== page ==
Jefferson noted that Deveze was among the first to recognize that yellow fever was not contagious. He also believed the “superior benevolence” of Deveze 13 years earlier merited reward. Adet now sought that reward for Deveze from the national government. The President declined, citing constitutional limitations, and directed Deveze’s case to the state where his services were rendered.

Although he could not authorize compensation from Washington, he asked Adet to convey his “personal sentiments & esteem.”

Read this excerpt from Deveze’s memoir for a detailed and sometimes grisly account of 15 case studies from the 1793 epidemic.

Mr. Jefferson will spare your audience the grisly details. Unless they ask …
Invite him to speak. Call 573-657-2739
NOTE: The link to Thomas Jefferson’s letter is subject to change by Founders’ Archive. It was accurate when this post was written. If the link is now wrong, search FoundersArchives.gov or call me. I’ll help you find it.
Leave a comment Posted in Constitutional issues, Health, Natural history (science) Tagged , , , , , , , , , , , , , |

Some will always argue with the facts!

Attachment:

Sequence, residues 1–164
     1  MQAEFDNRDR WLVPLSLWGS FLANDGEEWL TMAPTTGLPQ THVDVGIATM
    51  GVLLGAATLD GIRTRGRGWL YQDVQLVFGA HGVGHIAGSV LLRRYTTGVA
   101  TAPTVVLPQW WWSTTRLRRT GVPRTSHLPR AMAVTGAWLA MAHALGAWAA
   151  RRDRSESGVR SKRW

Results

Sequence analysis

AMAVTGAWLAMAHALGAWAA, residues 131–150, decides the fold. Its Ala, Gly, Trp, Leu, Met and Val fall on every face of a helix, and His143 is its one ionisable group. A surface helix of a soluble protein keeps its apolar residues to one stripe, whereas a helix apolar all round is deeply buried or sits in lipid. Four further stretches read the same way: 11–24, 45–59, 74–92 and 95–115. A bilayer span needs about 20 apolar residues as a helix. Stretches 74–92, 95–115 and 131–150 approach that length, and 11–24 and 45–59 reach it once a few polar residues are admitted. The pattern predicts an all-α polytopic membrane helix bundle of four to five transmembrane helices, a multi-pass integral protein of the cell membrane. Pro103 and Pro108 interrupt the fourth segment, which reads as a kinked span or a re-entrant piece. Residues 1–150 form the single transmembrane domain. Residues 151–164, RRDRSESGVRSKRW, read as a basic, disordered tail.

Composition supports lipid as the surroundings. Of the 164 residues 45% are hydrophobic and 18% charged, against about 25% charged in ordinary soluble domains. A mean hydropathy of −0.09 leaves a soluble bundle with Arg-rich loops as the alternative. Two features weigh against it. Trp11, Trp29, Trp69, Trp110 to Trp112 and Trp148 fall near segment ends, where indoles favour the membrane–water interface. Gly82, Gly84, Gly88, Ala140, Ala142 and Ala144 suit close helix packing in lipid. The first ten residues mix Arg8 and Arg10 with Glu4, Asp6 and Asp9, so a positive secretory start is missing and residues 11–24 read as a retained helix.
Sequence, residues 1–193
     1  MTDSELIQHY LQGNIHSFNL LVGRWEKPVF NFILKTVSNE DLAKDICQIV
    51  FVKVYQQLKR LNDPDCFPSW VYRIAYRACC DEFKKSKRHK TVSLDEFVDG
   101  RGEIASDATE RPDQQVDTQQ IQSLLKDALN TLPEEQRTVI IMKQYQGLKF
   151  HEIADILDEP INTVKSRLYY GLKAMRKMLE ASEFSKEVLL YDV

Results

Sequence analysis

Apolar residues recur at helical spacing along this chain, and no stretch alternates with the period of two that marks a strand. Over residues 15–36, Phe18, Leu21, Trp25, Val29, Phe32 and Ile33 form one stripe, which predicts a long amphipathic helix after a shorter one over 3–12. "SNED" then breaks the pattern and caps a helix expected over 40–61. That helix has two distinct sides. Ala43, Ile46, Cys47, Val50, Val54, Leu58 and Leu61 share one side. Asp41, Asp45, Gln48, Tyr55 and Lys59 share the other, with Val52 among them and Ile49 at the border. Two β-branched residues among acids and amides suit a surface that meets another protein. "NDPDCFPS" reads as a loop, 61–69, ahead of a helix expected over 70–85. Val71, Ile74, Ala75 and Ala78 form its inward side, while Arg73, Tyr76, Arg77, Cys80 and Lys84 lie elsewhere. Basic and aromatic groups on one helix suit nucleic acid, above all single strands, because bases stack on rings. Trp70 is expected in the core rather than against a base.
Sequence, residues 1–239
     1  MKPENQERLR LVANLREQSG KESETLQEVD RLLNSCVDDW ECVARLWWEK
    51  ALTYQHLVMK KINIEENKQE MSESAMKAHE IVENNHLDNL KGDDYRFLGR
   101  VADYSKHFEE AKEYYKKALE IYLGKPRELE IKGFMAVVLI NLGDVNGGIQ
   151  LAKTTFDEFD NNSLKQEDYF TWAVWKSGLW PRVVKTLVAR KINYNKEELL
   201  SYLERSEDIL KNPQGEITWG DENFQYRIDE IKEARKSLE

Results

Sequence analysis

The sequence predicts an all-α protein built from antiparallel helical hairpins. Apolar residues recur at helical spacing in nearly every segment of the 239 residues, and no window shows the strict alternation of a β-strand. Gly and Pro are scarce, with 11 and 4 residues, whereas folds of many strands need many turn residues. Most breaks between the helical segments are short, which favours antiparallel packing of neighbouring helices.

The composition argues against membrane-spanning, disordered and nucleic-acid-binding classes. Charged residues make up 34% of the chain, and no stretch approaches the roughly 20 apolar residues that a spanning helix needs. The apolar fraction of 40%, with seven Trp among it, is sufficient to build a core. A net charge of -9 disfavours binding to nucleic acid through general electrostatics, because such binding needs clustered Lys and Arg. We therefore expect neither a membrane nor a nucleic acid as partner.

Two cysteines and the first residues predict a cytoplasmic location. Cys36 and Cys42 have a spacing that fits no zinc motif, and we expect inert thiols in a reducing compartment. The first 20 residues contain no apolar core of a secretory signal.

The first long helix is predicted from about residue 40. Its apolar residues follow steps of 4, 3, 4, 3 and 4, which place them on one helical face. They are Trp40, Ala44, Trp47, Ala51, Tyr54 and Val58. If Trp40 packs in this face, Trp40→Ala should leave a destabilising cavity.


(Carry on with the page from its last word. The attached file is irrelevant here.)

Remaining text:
altho’ these facts [about the nature of the yellow fever] are now palpable to every unprejudiced observer, yet the disposition in men to schismatize [divide into strongly opposed camps] & dispute, has produced some contradiction to them … among the advantages to be derived from the progress of science, I am happy to observe that chemistry promises a more speedy & effectual mode of disinfecting the air of contagious houses & vessels than the oppressive practice of Quarentine a barbarous continuation of antient ignorance & habit.
Thomas Jefferson to Giovanni Fabbroni, April 30, 1806

In the face of coronavirus, I’m excerpting correspondence about diseases that ravaged the nation in Thomas Jefferson’s time.

Patrick Lee’s Explanation
Realistic leaders know facts won’t convince some people.
Fabbroni (1752-1822), was an Italian scientist with specialties in agronomy and chemistry. He and Jefferson had been friends and correspondents for 30 years. Jefferson offered what was known about the yellow fever in America, so Fabbroni could compare it with similar illnesses in Italy. Unfortunately, people had a natural inclination to ignore the facts and dispute those who disagreed.

Still believing the cause of the disease to be foul air, the science-minded Jefferson held that chemistry, an attempt to change the environment, would be a more effective cure than quarantine, an attempt to change human behavior.

Invite Thomas Jefferson to speak to your audience.
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NOTE: The link to Thomas Jefferson’s letter is subject to change by Founders’ Archive. It was accurate when this post was written. If the link is now wrong, search FoundersArchives.gov or call me. I’ll help you find it.
Leave a comment Posted in Health, Human nature, Natural history (science) Tagged , , , , , , , , , , , , , |

Uncle Sam must stay in his lane.